A Canadian restaurant chain that specialises in a local delicacy of fries smothered in gravy and cheese curds has dropped from its menu a variety named after Russia’s president over the war in Ukraine, it said Thursday.
Frites Alors! used to call its signature dish “The Vladimir,” playing up the sameness of the French translation of President Vladimir Putin’s last name to the nosh, called poutine.
But following customer complaints, they quickly moved to change it to “The Volodymyr” in honour of Ukrainian president Volodymyr Zelensky, the restaurant chain’s Yannick de Groote told AFP.
“We’re also denigrating Putin a bit by changing the name to that of Ukraine’s president,” he added.
The owners of Frites Alors!, which has more than a dozen outlets in Quebec province and a few in France, are apolitical and jokesters, he said.
Most of Frites Alors!’s other dishes poke fun at famous people or hint at their ingredients such as The Kimchi, The Picashew or L’eau a la Bush – a mashup of mouthwatering in French and George W. Bush.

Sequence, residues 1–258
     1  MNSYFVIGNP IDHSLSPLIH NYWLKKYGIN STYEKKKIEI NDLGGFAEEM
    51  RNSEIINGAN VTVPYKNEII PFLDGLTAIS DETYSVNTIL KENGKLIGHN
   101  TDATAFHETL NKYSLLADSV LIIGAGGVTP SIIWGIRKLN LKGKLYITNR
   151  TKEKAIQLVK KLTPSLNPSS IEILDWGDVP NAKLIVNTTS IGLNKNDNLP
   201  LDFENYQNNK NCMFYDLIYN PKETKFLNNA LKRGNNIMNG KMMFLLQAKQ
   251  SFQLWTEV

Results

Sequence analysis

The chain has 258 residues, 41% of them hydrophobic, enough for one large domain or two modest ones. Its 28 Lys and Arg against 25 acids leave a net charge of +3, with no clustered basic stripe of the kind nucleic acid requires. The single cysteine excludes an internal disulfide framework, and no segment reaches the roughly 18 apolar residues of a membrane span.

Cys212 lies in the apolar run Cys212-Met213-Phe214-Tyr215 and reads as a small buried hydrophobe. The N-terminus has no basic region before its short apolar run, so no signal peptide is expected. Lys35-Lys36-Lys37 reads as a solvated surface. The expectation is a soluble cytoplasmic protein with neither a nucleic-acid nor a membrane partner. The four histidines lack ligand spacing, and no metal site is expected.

The Vladimir had been added to its menu when Putin was re-elected president in 2012.
“When people realised that Putin was dropping bombs (on Ukraine), at that point we decided to make the menu change,” de Groote said.
In France, another restaurant called La Maison de la Poutine said in a statement that it had received “calls of insults and even threats” from people who’d incorrectly associated its main dish with the Russian president.
“La Maison de la Poutine is not linked to the Russian regime and its leader,” it said.
Meanwhile, the Roy Jucep restaurant in Drummondville, Quebec that claims to have created poutine back in 1956, in a rebuke to Russia has re-branded itself on social media as “the inventor of the fries-cheese-gravy.”